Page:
Gemma Molyneux

Please describe your current research interests/projects.
My current project is exploring girls’ consumption of STEM (Science, Technology, Engineering and Maths). The aim is to understand why girls’ uptake in STEM is lower than boys’. STEM careers have a large effect on moulding our world: without girls studying STEM women have a lesser influence in shaping our world. Previous work has focused on the masculinity of STEM, within this research the girls’ everyday lives is the focus.
Why did you choose this field? 
My undergraduate degree was in Engineering, followed by a 10-year career in the turbine industry for both power generation and aerospace. During this time, I had lots of positive experiences and wanted to understand why the imbalance in STEM was still present.  

How did you get into research?

Following a work placement in UNHCR in Cairo, I tried to get a job within UN women but discovered I required qualifications in a different field, such as social sciences. After completing courses online to see what subject interested me, on return to the UK I completed a masters in Sociology. During the Sociology masters an opportunity for a PhD linking my interest in STEM gender imbalance became available. 

What are the main methods you use, how and why?

The project proposal was to use an ethnographic study of girls’ consumption of STEM in school, exploring how their broader lives influence their decisions to pursue STEM further. An ethnographic study would allow the interaction and effect from peers (both men and women), teachers, curriculum and school space on the girls. Further one-to-one interviews would develop understanding regarding other influences such as home. Alongside this, I will complete a discourse analysis of the curriculum to understand if there is any gendering. Due to Covid – 19 this plan has had to change, the ethnography is no longer possible. The new plan involves interviews with teachers (either online via zoom or telephone) and online group interviews with students in school in conjunction with photo elicitation. Following the latest lock down further changes are being made to the online interviews.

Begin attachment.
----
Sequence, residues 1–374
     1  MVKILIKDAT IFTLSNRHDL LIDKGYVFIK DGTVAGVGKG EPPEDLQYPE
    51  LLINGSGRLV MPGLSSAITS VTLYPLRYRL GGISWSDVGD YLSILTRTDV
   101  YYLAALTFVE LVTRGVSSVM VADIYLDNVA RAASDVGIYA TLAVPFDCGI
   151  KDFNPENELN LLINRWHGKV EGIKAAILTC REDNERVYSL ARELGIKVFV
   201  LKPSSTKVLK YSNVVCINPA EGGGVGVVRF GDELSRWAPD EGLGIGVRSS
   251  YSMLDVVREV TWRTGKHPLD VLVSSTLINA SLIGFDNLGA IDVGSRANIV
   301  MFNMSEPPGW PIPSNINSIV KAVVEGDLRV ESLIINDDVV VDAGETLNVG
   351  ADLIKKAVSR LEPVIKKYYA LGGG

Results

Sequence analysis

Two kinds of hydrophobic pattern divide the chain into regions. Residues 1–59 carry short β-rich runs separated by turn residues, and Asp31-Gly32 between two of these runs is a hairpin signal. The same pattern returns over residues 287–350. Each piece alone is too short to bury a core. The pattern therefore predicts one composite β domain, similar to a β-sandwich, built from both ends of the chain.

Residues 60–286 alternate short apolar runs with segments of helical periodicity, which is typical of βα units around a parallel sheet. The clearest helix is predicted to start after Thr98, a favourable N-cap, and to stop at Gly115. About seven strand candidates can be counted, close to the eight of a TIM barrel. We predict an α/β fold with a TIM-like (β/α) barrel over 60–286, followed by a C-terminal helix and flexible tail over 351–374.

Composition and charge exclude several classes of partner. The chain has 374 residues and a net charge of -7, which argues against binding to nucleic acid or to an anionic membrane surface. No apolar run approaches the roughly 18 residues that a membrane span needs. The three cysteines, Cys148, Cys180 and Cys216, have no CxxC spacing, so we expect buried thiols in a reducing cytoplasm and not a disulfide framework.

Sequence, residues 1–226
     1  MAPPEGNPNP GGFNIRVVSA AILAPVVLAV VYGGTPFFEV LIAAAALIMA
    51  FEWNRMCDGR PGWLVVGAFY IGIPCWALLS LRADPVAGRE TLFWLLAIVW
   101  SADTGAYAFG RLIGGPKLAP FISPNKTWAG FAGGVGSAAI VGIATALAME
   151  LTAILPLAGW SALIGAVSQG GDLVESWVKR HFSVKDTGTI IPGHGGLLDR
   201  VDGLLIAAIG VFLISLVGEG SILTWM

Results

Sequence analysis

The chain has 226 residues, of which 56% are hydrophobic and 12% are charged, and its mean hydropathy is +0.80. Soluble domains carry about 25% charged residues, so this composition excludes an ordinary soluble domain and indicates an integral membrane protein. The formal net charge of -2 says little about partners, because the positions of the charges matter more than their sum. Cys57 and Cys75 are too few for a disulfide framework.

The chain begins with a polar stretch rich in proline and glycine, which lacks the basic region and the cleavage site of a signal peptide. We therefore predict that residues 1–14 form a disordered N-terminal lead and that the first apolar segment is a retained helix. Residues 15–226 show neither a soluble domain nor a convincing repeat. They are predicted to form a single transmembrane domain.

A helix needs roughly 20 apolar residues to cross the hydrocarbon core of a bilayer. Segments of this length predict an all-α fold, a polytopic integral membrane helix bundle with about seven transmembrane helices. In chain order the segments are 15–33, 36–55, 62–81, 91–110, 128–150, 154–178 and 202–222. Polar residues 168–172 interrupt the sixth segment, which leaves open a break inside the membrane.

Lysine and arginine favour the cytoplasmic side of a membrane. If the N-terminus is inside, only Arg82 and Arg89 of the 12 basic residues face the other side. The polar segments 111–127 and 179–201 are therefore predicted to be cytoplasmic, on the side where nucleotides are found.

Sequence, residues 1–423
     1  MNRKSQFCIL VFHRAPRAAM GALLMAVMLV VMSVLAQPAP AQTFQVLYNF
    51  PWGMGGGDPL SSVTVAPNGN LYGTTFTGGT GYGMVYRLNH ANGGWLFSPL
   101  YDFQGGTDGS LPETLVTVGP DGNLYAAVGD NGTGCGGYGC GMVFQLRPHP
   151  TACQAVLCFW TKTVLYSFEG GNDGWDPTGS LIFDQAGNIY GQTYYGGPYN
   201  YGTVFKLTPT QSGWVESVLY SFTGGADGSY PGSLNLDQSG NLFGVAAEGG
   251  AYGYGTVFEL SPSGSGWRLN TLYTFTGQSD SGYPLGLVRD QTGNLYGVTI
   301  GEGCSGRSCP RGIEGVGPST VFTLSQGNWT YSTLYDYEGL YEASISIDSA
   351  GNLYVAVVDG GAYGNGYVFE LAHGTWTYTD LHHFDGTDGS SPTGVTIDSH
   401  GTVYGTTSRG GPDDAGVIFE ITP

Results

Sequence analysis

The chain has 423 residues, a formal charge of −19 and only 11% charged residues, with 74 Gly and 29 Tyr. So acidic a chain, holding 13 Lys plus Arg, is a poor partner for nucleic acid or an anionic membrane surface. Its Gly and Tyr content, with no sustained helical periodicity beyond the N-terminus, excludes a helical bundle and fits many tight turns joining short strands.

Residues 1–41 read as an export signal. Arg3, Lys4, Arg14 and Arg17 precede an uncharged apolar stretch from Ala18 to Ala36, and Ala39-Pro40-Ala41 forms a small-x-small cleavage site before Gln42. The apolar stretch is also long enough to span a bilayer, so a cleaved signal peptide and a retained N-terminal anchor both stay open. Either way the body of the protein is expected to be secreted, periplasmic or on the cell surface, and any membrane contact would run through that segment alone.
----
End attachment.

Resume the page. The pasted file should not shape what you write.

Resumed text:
Which methods excite you?
The ethnographic study that I had hoped to use, to give me an insight into what is going on in girls’ lives, I thought was really interesting and would give some great depth in insight. Being able to see something over a period where natural behaviour is being observed.  

What I have been able to explore and enjoy is the statistics data, this combines my number based background with the sociology interest.  I have been looking at some government and exam board data, the numbers are interesting but also the way they have been produced, what bias can be seen by this and what they have left out.  

I have enjoyed the interviews more than I was expecting too. Rapport with the participants has been good and has not felt awkward. This is an area that takes time to develop and I am seeing my learning curve.  

Are there any methods you’d like to explore?
Having to change my plan more than once due to Covid -19 has made me be more creative with the different methods. Thinking about how methods can be adapted or changed, what works with different participants and what works online. The photo elicitation has been really useful in this respect and further visual methods would be interesting to explore further.
What, about methods, did you wish your younger self had known?
The piece of advice for my younger self would be, everything takes longer than you expect.
Have you had any memorable methodological blunders?
I haven’t had any blunders so far, however coming from a different background, which is processes driven, meant I found the less ridged descriptions of types of methods challenging. I spent a lot of time looking for a more precise definition and a firm process map that does not exist.
If you could recommend students read just one text on methods (book or journal article), what would it be?
I think it would be an article on reflexivity. The one thing that I have found with social science is that there is no right or wrong, things can be interpreted and the importance of understanding where the interpretation comes from. Gallinat, A., (2010) ‘Playing the Native Card: The Anthropologist as Informant in Eastern Germany.’ in Collins, P. & Gallinat, A., The Ethnographic Self as Resource: Writing Memory and Experience into Ethnography, New York: Berghahn Books pp.25-44.